Shakib gears up for biggest test
Shakib Al Hasan will lead his Bangladesh side into the Shere Bangla National Stadium tomorrow with the weight of a nation resting on his shoulders.
To say the upcoming World Cup has captured the imagination of the joint-hosts is among the largest of understatements.
For, in the eyes of the Tigers’ fanatical supporters, this is their time. Their time to emerge from the shadows of international cricket’s ‘Big Eight’ and establish themselves as a force to be reckoned with.
In the past, victories over the more established names have been regarded as a shock, or a giant-killing.
Yet, after cruising to a 4-0 victory over New Zealand recently, suddenly Bangladesh find themselves dining at the top table, with onlookers suggesting they have a real chance of reaching the latter stages of the showpiece this time round.
After the home support turned out in droves for yesterday’s opening ceremony, Shakib is hoping to repay their faith, starting with the tournament opener against India.
"They (the fans) came out and did their job yesterday, now it is time for us to go out and do our job," he said.
“The festivities are over, the song and dance is behind us. The only way the festivities will carry on in Bangladesh is if its cricket team does its job.”
It will be refreshing for the aforementioned supporters to hear Shakib speak with such assurance given the criticisms the team have faced in recent times.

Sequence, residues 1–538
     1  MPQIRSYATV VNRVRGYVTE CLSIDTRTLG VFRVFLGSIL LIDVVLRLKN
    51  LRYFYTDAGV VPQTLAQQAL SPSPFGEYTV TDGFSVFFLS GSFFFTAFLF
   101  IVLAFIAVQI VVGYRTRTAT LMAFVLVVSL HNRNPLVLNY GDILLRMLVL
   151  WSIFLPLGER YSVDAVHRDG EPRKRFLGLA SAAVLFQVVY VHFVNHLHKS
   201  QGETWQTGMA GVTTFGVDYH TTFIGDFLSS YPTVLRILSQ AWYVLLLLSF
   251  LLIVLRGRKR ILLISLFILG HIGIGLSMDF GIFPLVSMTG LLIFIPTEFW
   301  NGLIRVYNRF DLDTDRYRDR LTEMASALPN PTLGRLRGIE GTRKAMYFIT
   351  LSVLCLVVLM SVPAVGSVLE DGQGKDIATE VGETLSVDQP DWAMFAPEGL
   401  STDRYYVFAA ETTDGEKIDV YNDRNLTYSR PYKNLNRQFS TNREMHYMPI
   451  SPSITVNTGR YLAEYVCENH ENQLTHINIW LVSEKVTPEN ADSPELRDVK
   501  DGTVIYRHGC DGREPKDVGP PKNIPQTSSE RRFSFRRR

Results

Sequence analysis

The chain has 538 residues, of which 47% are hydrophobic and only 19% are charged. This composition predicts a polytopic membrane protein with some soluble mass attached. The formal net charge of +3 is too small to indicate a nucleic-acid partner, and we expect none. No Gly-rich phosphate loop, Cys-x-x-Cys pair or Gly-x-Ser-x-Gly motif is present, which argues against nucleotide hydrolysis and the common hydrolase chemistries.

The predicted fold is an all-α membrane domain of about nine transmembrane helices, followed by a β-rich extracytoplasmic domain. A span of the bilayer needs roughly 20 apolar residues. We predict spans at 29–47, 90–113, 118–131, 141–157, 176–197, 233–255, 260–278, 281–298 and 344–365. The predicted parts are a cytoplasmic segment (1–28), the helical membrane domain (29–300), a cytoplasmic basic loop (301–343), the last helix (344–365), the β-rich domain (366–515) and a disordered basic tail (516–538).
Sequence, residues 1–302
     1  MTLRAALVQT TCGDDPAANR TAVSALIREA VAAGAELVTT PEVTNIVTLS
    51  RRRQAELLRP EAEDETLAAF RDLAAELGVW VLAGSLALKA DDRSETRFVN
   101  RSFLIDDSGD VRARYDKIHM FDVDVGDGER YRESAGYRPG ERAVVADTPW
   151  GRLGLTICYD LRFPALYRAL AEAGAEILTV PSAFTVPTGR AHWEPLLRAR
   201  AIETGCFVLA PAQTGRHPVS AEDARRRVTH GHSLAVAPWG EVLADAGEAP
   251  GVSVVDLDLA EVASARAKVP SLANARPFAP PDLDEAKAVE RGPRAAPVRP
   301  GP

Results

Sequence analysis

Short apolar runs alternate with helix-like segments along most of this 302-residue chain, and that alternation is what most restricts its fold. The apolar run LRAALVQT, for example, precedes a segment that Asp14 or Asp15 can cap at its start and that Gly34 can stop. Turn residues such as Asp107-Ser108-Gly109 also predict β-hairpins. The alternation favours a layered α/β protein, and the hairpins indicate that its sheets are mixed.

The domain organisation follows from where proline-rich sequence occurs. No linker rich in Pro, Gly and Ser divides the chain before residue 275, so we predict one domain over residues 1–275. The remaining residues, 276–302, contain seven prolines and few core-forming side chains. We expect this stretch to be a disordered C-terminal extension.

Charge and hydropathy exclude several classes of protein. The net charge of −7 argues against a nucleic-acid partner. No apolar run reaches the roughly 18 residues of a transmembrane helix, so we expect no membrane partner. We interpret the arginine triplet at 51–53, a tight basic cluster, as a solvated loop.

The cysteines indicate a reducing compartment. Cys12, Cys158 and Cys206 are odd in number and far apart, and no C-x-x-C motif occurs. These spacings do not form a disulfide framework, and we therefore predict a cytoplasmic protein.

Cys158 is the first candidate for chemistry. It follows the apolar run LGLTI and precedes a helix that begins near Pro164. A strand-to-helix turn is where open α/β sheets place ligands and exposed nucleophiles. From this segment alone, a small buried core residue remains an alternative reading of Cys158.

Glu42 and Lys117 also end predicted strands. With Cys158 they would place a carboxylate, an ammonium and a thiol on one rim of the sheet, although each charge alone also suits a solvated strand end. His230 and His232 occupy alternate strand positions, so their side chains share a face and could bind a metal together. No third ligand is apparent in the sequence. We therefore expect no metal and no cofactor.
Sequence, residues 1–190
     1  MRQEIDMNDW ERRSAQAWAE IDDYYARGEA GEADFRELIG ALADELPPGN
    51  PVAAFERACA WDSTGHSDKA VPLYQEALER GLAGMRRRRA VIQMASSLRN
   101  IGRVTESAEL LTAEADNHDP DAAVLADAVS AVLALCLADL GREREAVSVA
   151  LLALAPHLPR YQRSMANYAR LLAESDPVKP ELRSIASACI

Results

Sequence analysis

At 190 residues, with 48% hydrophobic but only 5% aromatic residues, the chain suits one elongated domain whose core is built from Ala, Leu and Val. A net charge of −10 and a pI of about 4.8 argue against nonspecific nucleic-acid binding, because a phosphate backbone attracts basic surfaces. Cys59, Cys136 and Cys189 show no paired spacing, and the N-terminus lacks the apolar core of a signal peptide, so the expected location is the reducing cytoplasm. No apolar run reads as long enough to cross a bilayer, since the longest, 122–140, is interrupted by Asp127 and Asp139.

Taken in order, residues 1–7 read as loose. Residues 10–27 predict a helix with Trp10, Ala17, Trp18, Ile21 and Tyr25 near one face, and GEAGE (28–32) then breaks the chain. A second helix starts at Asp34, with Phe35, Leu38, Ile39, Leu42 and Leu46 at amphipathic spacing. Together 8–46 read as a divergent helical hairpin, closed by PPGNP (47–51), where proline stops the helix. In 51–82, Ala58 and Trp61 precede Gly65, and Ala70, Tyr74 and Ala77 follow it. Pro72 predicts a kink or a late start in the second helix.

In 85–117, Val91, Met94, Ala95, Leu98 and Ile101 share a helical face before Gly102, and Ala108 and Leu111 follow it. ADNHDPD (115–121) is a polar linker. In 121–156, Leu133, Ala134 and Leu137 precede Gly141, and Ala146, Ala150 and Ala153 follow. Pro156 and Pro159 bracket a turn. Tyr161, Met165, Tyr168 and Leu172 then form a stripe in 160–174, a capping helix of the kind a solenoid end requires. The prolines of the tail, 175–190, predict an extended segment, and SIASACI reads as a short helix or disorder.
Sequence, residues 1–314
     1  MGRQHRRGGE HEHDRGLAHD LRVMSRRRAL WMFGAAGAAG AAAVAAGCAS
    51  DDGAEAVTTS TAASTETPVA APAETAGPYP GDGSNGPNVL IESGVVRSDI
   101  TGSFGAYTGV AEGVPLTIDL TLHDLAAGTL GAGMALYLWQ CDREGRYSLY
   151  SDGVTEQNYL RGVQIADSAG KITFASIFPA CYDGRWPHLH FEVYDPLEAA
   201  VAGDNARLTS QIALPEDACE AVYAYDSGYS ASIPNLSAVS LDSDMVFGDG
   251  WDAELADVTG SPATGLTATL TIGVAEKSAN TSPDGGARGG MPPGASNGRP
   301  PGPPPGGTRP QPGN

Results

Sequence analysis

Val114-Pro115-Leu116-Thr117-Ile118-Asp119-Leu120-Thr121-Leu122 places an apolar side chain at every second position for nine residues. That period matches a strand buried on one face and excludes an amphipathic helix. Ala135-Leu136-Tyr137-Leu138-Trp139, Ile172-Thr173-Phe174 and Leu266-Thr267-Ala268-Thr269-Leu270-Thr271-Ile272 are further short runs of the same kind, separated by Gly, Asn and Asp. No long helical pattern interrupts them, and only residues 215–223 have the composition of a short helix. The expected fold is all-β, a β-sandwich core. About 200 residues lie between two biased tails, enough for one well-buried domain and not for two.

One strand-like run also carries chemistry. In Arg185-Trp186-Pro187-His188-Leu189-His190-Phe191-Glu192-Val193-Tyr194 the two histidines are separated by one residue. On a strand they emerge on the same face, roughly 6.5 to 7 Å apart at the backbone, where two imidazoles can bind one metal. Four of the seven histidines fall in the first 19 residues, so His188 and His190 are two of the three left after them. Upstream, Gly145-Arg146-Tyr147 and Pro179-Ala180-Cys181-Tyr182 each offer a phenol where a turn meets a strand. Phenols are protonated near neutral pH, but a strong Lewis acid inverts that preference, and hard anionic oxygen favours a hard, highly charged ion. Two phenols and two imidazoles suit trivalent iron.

Always admired for their unrelenting aggression, Bangladesh have often been maligned for playing with too much freedom.
Yet in Shakib they have a man who, like the team he leads, is maturing.
Speaking about his side’s chances of reaching the latter stages of the competition, the all-rounder said: “We’ve been playing good cricket for the last 15 months and if we qualify for the second round, why not think of something big?
"We have to win at least four matches to win a place in the second round. It is not difficult. I think we are capable of booking a place in the second round."
India, meanwhile, enter the competition with even greater expectations.
Last time out, in the Caribbean four years ago, they were surprisingly knocked out at the first-round stage mainly due to a five-wicket defeat at the hands of tomorrow’s opponents.
Opener Virender Sehwag is keen to avoid a repeat of that result.
“We lost against them and we have been waiting for the moment when we will play against them in this World Cup,” he said.
“I think so far we have lost just one or two games against Bangladesh - one in the World Cup and maybe one in Bangladesh. So our record against them is very good."